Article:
Force production in upper limb muscles could be affected following exercise that involves carrying a heavy backpack load. In lower limb muscles, previous study has demonstrated that there is muscle force depression after several different regimens of metabolically and mechanically demanding exercise. PURPOSE: The aim of this study is to examine pinch strength after exercising while carrying a heavy backpack with straps that compress the nerves and blood vessels of the upper limb. We hypothesized that backpack load carriage at 15% body weight and 30% body weight will lead to changes in upper limb lateral pinch strength as compared to a no-load condition. METHODS: To date, eleven participants (5 female, 6 male; mean ± SD of 25.8 ± 6.3 yrs, 81.9 ± 18 kg mass, 11 right handed) have completed 3 load conditions on separate days: 1) no backpack, 2) 15% body weight (BW) backpack, and 3) 30% BW backpack. Load condition order was randomized. Maximum lateral pinch strength was measured bilaterally using a pinch dynamometer before and after participants walked on a treadmill at 1.1 m/s for 30 minutes for each load condition. Pinch strength was measured every 5 minutes for 30 minutes after exercise. RMANOVA with Bonferroni post-hoc testing was used to compare among backpack conditions and among timepoints. RESULTS: Mean pinch strength on the dominant hand before backpack carriage was 10.8 ± 2.7 kg for male participants and 8.0 ± 1.2 kg for female participants. Pinch strength on the non-dominant hand before load carriage averaged 9.9 ± 1.7 kg for male participants and 7.5 ± 1.0 kg for female participants. Mean pinch strength on the dominant hand after 30% BW backpack carriage ranged from 10.6-10.9 kg for male participants and from 7.8 - 8.3 kg for female participants. There were no significant differences in pinch strength on either hand when comparing among backpack load conditions or timepoints for male or female participants. CONCLUSION: The compression of backpack straps and the exercise of walking with a backpack load did not affect pinch strength in the first 30 minutes after backpack carriage.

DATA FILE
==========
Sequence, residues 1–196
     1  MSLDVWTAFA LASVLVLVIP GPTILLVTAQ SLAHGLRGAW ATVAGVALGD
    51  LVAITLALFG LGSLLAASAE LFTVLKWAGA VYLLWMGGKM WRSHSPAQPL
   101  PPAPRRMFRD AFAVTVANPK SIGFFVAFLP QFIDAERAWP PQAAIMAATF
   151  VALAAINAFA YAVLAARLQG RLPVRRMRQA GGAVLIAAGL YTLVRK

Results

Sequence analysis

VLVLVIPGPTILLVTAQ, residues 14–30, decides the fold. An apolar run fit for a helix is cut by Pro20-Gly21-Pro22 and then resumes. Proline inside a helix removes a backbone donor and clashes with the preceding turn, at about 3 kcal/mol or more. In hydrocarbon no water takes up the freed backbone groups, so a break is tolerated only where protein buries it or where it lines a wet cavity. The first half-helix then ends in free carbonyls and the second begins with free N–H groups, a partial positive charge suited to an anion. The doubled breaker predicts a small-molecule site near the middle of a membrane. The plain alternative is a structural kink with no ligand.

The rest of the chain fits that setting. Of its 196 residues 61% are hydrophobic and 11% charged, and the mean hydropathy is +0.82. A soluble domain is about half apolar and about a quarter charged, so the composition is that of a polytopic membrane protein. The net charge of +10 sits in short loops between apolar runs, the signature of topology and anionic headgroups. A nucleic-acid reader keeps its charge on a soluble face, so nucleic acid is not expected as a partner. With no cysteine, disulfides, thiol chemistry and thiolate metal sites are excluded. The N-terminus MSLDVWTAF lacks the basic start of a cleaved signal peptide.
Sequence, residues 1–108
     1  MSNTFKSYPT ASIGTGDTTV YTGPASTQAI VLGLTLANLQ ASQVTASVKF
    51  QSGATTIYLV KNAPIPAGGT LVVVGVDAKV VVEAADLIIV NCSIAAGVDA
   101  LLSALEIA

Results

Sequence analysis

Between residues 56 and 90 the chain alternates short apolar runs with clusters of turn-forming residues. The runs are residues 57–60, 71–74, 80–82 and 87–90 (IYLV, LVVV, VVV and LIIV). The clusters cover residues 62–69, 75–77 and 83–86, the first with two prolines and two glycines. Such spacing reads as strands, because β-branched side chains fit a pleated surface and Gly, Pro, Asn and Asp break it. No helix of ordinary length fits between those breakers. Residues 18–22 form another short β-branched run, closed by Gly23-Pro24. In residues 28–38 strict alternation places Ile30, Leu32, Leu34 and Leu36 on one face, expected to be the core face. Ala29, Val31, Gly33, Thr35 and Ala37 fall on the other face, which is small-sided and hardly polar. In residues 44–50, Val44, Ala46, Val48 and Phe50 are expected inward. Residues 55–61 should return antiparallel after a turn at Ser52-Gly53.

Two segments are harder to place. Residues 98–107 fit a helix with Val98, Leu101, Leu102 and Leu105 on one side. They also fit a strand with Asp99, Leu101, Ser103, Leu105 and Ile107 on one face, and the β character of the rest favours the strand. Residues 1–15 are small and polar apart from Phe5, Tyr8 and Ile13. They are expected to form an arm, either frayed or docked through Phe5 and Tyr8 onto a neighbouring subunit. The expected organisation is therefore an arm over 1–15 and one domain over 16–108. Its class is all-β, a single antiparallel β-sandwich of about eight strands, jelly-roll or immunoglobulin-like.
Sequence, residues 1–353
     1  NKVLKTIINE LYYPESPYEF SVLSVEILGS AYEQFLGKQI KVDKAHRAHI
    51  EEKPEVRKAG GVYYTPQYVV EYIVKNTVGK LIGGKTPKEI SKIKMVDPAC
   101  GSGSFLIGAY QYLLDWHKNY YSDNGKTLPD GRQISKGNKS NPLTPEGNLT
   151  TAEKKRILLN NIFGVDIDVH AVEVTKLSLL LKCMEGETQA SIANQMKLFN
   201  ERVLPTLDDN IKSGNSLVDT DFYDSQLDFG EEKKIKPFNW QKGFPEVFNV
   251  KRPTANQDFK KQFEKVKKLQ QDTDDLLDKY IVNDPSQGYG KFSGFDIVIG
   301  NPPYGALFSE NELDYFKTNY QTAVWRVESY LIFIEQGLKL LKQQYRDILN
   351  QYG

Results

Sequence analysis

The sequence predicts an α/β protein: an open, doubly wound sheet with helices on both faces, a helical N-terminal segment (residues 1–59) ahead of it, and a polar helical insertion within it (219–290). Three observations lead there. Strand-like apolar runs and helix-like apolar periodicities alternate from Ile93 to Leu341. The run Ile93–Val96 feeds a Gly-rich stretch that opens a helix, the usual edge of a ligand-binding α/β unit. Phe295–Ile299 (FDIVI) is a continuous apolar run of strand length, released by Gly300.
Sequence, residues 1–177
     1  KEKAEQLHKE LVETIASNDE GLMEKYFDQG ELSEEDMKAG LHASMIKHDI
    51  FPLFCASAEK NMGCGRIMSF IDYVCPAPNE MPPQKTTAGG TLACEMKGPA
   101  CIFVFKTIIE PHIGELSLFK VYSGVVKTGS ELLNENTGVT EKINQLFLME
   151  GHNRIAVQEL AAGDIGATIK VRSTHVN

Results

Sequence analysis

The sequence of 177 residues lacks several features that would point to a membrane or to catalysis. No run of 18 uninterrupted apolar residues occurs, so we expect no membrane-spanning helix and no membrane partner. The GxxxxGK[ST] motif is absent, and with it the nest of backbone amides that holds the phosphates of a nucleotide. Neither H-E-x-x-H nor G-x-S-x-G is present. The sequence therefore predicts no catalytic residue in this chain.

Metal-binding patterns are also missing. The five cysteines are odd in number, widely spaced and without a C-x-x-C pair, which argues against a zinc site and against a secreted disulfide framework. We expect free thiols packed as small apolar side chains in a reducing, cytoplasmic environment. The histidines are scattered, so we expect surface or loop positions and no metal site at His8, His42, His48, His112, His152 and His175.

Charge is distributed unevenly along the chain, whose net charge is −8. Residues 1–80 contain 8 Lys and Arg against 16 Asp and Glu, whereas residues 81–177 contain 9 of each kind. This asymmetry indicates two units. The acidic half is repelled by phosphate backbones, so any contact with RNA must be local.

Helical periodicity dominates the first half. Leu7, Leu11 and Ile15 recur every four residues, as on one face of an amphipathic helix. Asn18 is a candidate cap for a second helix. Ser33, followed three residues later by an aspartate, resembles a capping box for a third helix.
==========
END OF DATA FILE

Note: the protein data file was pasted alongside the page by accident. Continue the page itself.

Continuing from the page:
Lopez, Malea N.; Hein, Jennifer L.; Saul, Katherine; and Schmidt, Deanna J.
"The Effects of Heavy Backpack Carriage on Hand Strength,"
International Journal of Exercise Science: Conference Proceedings: Vol. 14:
3, Article 67.
Available at: https://digitalcommons.wku.edu/ijesab/vol14/iss3/67